This HSBC report ranks Australia as the best place to raise children for expats. IN fact, the media release suggest that the Expatriate Survey reveals the expats ‘say Australia is the best place in the world to raise children’. What it doesn’t do is justify that claim.
The report is based on a sample of 30 respondents from each country and they are asked to compare the various factors about raising children, such as child care costs, amount of junk food eaten, and time spent playing outdoors, with what occurred in their home country.
This may be interesting, but it is no way to rank a country’s performance. Without knowing the country of origin of the expats it is impossible to make a controlled comparison. For example, if the majority of expats in the sample living in Australia are from the UK, and the majority of expats living in the US are from Australia, we get a nonsense conclusion that Australia is the best country (because the difference between the UK and Australia is highest), even if the US is ranked in preference to Australia.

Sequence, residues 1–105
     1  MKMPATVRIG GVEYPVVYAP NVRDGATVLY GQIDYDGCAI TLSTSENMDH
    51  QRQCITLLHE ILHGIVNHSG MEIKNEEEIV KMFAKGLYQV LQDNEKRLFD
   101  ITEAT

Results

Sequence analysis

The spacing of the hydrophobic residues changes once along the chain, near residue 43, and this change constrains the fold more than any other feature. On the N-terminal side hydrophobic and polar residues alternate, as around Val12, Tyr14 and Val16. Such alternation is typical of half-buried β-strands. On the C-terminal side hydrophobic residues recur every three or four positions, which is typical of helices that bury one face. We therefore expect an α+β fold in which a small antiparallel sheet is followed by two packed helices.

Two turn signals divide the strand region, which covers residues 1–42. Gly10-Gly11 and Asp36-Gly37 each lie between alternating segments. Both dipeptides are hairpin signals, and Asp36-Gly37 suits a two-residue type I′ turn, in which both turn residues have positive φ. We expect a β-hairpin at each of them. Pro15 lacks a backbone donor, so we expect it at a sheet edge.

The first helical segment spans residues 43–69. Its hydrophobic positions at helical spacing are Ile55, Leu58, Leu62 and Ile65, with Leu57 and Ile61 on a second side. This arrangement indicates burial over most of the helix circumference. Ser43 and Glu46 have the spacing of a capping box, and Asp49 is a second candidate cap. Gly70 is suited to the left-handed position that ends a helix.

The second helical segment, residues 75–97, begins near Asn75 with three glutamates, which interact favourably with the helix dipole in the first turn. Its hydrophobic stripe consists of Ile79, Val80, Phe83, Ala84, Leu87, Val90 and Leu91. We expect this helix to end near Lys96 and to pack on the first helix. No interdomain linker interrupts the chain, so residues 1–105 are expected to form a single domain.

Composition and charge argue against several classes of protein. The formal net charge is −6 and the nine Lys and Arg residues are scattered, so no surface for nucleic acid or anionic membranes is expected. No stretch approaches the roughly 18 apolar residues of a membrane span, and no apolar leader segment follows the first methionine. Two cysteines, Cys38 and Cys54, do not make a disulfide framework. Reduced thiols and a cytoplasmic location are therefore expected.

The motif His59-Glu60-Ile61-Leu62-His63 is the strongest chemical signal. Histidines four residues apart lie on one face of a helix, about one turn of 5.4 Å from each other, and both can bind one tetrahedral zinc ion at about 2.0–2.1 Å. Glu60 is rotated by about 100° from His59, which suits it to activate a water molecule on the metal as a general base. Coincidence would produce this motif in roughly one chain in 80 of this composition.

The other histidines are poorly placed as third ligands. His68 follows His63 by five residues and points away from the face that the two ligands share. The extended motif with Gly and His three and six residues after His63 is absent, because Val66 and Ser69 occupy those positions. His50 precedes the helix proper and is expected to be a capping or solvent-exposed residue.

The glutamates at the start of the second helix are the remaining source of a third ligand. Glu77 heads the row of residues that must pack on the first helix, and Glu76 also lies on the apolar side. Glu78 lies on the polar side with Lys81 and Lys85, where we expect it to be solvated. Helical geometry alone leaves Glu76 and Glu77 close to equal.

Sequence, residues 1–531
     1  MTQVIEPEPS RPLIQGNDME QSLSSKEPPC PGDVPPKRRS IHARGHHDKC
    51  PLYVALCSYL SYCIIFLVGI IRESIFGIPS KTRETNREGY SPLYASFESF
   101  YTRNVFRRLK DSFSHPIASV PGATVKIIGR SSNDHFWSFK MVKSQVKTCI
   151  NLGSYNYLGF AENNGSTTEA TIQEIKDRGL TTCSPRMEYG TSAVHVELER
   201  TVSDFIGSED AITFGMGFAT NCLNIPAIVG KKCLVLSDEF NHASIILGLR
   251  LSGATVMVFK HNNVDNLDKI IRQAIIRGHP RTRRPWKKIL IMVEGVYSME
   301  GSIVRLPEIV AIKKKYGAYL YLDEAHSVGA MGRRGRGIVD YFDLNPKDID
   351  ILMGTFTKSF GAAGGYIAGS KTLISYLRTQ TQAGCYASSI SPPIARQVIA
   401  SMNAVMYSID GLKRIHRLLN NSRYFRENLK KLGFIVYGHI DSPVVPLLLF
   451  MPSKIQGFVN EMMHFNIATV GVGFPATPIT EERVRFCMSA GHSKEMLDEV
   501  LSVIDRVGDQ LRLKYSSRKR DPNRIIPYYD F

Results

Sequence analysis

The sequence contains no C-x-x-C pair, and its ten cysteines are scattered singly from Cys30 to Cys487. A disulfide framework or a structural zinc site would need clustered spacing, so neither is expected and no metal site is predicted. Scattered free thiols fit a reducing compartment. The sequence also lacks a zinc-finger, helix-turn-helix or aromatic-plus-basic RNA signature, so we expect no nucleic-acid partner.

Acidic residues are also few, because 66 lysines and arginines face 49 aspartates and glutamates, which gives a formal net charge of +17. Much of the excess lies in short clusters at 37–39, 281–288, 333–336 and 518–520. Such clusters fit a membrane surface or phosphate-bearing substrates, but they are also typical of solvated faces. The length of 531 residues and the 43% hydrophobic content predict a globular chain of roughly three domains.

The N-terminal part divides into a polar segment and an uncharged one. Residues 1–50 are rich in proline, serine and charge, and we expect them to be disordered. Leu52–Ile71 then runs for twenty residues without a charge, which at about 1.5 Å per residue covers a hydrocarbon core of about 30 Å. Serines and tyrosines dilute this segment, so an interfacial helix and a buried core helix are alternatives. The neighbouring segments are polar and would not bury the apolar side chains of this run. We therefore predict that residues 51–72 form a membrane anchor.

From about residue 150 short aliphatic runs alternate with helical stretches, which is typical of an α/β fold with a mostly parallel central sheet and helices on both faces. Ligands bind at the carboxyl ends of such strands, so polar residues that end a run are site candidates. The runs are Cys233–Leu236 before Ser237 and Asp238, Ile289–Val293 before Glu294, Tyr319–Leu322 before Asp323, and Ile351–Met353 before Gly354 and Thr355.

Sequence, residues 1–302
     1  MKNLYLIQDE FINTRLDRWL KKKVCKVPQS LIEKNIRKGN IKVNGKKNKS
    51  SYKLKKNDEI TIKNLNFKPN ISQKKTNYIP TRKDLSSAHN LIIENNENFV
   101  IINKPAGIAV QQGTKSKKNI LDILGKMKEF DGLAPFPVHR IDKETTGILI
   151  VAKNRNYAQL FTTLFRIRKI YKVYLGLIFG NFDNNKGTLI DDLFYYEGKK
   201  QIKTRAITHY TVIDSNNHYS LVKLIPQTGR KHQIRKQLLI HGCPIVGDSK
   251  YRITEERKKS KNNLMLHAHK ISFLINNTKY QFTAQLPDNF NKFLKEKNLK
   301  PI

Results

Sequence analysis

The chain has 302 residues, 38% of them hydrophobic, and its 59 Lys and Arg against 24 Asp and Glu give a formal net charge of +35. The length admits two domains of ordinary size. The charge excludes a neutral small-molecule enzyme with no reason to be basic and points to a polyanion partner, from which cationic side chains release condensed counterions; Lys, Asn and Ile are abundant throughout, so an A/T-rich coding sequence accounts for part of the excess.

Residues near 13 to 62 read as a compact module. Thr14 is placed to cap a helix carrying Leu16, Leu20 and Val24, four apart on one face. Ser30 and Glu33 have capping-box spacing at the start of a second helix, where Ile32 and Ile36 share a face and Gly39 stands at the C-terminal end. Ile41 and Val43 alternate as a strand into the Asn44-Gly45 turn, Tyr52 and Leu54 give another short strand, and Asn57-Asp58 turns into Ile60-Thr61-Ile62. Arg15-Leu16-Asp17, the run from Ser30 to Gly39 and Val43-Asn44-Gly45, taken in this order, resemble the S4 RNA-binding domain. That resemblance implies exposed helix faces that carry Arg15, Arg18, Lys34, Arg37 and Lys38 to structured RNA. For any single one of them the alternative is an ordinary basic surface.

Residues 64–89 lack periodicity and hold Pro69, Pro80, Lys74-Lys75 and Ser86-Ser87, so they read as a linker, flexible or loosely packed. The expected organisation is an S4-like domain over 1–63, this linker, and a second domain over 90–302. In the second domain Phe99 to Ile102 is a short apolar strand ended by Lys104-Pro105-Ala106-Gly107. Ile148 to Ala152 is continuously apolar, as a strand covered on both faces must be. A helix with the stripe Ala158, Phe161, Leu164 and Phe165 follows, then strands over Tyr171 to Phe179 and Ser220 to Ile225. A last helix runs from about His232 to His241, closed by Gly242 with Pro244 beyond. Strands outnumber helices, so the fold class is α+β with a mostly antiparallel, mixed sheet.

The rankings are the result of the difference between the country of origin and the new country without knowing the country of origin. The way to be highest ranked is to have the most expats from much poorer countries so that the positive change experienced is greatest.
Don’t misunderstand me. Australia probably is one of the better countries to raise children and could easily be the ‘best’ out of the comparison countries (UK, US, Singapore, UAE, Hong Kong). But this report is a classic example of how conclusions do not match the facts presented.
You don’t have to look far to find other cross-country comparisons of family well-being with utterly unsurprising results.